What does the public have a right to know, exactly? I've had journalists snoop around the personal lives of my staff, who aren't elected, aren't responsible for distributing public funding, aren't delivering any public programs, aren't making decisions about matters of public significance - they aren't even public figures.
Journalists have taken it upon themselves to determine that whoever I employ becomes a matter of public interest, but that's wrong. The fact it's interesting doesn't make it a matter of public interest. The sex life of the Prime Minister might be interesting to some people (and I'm sorry to hear it), but that doesn't make it a matter of public interest.
To be honest, journalists aren't especially qualified to determine what is and is not in the public interest. It's a blurry area at the best of times.
And if journalists decide that a member of the public's private life is important enough to spray across the airwaves and the printed page, they'll do it. The person has very little they can do about it especially when you don't have the cash to fight the claims in the courts. You can't put the genie back in the bottle.
I've had journalists use the FOI process to try to get my medical records from my time fighting the Department of Veterans' Affairs. That's not about reporting in the public interest. My medical records don't have anything to do with protecting the public's right to know.
Nobody wants to be on the receiving end of a journalist's ire. They have a huge megaphone and platform that no regular Joe Bloggs is able to counter. You're always going to lose that fight. And the power that gives to a journalist can and has been used for remarkable good.
The investigations that led to the Don Dale Royal Commission, to the Aged Care Royal Commission, the reports into the mismanagement of the Murray Darling Basin - and that's just one program. In fact there are almost no royal commissions in our history that haven't been triggered by great reporting and, crucially, brave whistleblowers prepared to put their heads above the parapet.
Journalists can't be both players and umpire, any more than the government can.
I support public interest journalism. I support a strong media sector. I support whistleblower protection and freedom of information laws that actually see information released instead of refused or redacted. I support power going back to the sector holding every government to account. What I also support is a check on that power. It's naive not to.
Because when that power gets abused, the public has a right to push back and regulate that. We do that through democratic elections. Nobody elects a journalist.
So if you ask me whether the public has a right to know, I say absolutely. They have a right to know about the decisions being made in their name. They don't have a right to know everything the Prime Minister eats. The right to privacy is also worth protecting.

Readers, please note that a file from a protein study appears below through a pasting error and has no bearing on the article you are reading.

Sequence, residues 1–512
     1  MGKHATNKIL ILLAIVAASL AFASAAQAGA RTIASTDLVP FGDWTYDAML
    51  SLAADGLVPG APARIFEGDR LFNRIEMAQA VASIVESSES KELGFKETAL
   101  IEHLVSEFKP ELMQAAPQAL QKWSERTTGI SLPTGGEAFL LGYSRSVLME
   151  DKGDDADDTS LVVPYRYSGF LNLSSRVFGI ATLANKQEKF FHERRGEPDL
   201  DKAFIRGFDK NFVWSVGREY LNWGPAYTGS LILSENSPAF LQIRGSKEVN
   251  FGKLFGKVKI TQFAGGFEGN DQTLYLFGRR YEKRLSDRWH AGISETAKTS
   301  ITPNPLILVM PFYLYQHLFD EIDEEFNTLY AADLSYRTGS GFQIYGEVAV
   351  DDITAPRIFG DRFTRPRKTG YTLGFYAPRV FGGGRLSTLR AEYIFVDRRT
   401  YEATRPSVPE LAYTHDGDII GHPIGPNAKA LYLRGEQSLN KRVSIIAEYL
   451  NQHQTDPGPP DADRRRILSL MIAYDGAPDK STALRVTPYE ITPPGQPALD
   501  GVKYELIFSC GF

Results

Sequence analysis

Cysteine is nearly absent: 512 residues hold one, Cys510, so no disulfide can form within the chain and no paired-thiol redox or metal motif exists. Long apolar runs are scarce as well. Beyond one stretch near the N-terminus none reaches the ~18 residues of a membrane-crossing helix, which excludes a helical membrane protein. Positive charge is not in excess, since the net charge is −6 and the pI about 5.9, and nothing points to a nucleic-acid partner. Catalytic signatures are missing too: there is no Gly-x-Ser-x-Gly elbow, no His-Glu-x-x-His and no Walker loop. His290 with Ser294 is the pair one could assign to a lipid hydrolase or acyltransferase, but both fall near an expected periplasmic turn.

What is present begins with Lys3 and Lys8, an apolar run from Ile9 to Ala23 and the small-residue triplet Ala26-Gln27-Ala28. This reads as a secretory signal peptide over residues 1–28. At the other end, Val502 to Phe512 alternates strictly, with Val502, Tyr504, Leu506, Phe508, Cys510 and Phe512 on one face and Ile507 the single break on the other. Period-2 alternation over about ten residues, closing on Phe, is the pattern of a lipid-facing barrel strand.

I think there's another way through here.
Journalists have for a really long time been given the ability to regulate themselves. Journalists need to accept that they step over the line every now and then. I don't think that's a reason to send police into their underwear drawer.
Journalism relies on the confidence of the public if it's to engage in journalism that enhances the public interest.
The current industry regulator, the Australian Press Council, has no teeth. If you're found to have broken the rules, you get a slap on the wrist.
Journalists want broad changes to the way journalists are treated under the law. They want the power to tell stories they argue are in the public interest.
But nobody defines what's in the public interest.
They will overreach. They always do.
Journalists can't be both players and umpire, any more than the government can. What's needed is an independent third party. A regulator, independent of press, but able to work on their behalf with the government. A regulator that doesn't rely on money coming in from media companies (who conveniently throw fundraisers) and one that cannot be bossed around by governments of any stripe.
Journalists are always going to favour more disclosure over less. To be frank, there's a commercial interest in doing so. Now, not all stories are written for your clicks or your eyeballs. But if you're a journalist sitting on a juicy exclusive you know will sell subscriptions, you're going to feel a commercial pressure to reveal it, irrespective of whether it's in the public interest to do so.
An independent regulator could enforce an industry-wide code of conduct and be independent of government to avoid interference for political benefit. They could levy fines and other penalties. They could scrutinise legislation and suggest new ways through to improve on the regulations around public interest journalism. They could promote good journalism through training and accreditation.
In other words, you don't need to regulate every word said by a journalist. You just need to regulate the freedoms that journalists are calling for, and make sure we don't lose the right to push back on a newly-empowered fourth estate.
- Jacqui Lambie is a Senator from Tasmania representing the Jacqui Lambie Network.